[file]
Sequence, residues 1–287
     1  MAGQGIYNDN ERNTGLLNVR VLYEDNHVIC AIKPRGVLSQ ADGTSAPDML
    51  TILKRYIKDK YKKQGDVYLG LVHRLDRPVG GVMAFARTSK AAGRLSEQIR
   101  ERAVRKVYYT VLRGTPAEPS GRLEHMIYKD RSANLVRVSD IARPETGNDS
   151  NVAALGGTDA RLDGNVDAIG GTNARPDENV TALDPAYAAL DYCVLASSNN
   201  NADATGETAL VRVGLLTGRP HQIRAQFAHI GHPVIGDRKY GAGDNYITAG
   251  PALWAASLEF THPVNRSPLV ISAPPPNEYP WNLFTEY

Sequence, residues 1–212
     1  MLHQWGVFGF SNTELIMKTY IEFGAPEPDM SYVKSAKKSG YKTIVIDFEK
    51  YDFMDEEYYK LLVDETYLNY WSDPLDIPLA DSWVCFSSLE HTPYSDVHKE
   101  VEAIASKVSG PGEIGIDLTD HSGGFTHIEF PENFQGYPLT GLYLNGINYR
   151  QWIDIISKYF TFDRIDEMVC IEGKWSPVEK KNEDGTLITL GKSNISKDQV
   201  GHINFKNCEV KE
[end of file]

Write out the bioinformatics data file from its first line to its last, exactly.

Sequence, residues 1–287
     1  MAGQGIYNDN ERNTGLLNVR VLYEDNHVIC AIKPRGVLSQ ADGTSAPDML
    51  TILKRYIKDK YKKQGDVYLG LVHRLDRPVG GVMAFARTSK AAGRLSEQIR
   101  ERAVRKVYYT VLRGTPAEPS GRLEHMIYKD RSANLVRVSD IARPETGNDS
   151  NVAALGGTDA RLDGNVDAIG GTNARPDENV TALDPAYAAL DYCVLASSNN
   201  NADATGETAL VRVGLLTGRP HQIRAQFAHI GHPVIGDRKY GAGDNYITAG
   251  PALWAASLEF THPVNRSPLV ISAPPPNEYP WNLFTEY

Sequence, residues 1–212
     1  MLHQWGVFGF SNTELIMKTY IEFGAPEPDM SYVKSAKKSG YKTIVIDFEK
    51  YDFMDEEYYK LLVDETYLNY WSDPLDIPLA DSWVCFSSLE HTPYSDVHKE
   101  VEAIASKVSG PGEIGIDLTD HSGGFTHIEF PENFQGYPLT GLYLNGINYR
   151  QWIDIISKYF TFDRIDEMVC IEGKWSPVEK KNEDGTLITL GKSNISKDQV
   201  GHINFKNCEV KE